Funding for the early childhood sector to allow free childcare for workers across Australia while the COVID-19 pandemic wears on seems like "a glorified baby-sitting package at best", a Hunter early education centre owner says.
Prime Minister Scott Morrison announced on Thursday that his government would fund free childcare places for families that had parents who were working, studying or looking for a job
The places that are part of the $1.6 billion package are expected to be available from Monday, with the government paying 50 per cent of the sector's fee revenue up to a certain cap.
Sharon Jobbins, the owner-director of Making Waves Early Education Centre at Warabrook, said her initial reaction was that she was grateful for support for the sector, but she believed the measures should have gone further.
"This will be enough for us to offer a bare-bones basic package, which is not fair to the children who will be going to school in 2021," she told the Newcastle Herald after Thursday's announcement.
"I feel like what they're offering now is not going to be a quality early childhood education and care package - I feel like it's essentially going to be a baby-sitting package to keep Australians at work.
"I can appreciate that, however our sector has been overlooked for some time and major reform was due a decade ago. These are long-term issues that haven't been addressed."
Ms Jobbins said she believed the funding should have been back-dated further and staff who have been put out of work should be treated in the same manner as teachers in primary and high schools would be in similar circumstances.
Her business "took a big hit early on", losing thousands of dollars in the first week of coronavirus restrictions when she told parents they would not be charged their fees - she said it was a matter of "civic responsibility" - as the number of children attending the centre fell hourly.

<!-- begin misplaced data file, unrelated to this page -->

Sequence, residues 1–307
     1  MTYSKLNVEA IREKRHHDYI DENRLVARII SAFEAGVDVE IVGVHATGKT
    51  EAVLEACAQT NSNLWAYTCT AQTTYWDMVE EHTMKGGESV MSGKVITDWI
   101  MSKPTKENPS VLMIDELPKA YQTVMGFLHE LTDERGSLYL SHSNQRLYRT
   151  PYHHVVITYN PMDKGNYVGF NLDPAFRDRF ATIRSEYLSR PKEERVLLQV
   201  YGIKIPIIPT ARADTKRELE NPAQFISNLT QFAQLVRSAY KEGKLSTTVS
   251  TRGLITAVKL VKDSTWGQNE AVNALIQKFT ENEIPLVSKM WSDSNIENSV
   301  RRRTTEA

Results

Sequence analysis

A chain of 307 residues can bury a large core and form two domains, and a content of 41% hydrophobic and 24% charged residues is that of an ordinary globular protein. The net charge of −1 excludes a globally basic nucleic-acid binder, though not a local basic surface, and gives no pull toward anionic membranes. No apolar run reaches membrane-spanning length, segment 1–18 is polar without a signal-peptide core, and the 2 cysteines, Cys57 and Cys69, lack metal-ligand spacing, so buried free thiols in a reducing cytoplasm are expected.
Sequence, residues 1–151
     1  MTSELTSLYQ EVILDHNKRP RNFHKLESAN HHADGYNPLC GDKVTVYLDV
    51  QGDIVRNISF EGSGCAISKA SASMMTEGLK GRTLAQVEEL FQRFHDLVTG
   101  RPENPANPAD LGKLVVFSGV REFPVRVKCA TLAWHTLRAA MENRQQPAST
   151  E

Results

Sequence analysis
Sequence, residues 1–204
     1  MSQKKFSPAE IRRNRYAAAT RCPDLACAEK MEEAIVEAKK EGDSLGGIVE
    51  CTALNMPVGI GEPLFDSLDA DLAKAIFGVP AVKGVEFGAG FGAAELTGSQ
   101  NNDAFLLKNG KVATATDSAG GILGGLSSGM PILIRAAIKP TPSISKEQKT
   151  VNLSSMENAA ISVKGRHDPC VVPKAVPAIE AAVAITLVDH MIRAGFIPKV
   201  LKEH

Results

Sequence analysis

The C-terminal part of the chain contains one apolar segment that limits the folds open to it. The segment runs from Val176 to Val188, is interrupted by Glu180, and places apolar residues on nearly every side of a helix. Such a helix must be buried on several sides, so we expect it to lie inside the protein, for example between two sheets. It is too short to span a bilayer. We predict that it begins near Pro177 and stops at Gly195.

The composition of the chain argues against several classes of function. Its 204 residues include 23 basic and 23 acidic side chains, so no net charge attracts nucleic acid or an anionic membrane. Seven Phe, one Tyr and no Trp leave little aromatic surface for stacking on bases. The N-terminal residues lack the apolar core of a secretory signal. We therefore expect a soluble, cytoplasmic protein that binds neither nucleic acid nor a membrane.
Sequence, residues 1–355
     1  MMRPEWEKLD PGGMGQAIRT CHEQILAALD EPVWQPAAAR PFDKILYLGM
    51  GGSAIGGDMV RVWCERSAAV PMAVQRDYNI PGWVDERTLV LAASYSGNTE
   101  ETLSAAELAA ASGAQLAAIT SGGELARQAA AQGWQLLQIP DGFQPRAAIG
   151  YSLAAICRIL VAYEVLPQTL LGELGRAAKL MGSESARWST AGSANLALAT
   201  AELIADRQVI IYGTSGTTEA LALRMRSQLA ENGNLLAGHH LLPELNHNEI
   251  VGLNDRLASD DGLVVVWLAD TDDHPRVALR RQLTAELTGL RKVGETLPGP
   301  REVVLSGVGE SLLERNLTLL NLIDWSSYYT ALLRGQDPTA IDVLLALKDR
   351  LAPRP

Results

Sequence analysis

Ms Jobbins said her business had gone from having 70 kids at the site on Tuesday three weeks ago to 17 this week.
She said she was thankful for any sort of bail-out package in the tough circumstances, because her centre had recently faced the prospect of having to close its doors.
Last Friday, its financial position meant she had to make the jobs of two experienced and highly qualified early childhood educators redundant. Four more staff members are likely to be stood down today.
"We're shattered," Ms Jobbins said.
"We don't consider Making Waves a business - it's a family. I've had six families volunteer to pay their fees anyway [even though they planned to keep their children home] in the hope that we can keep some of our staff."
While you're with us, did you know the Newcastle Herald offers breaking news alerts, daily email newsletters and more? Keep up to date with all the local news - sign up here
- Cardiff business fined $5000 for breaching coronavirus conditions
- Only a handful of Newcastle Airport flights after Jetstar axes all routes
- 'You are safer outside than inside': Disease expert criticises restrictions
- The coronavirus crisis in Newcastle and the Hunter
- NSW isolation rules to last 90 days
- Stay up-to-date with our daily COVID-19 Informer newsletter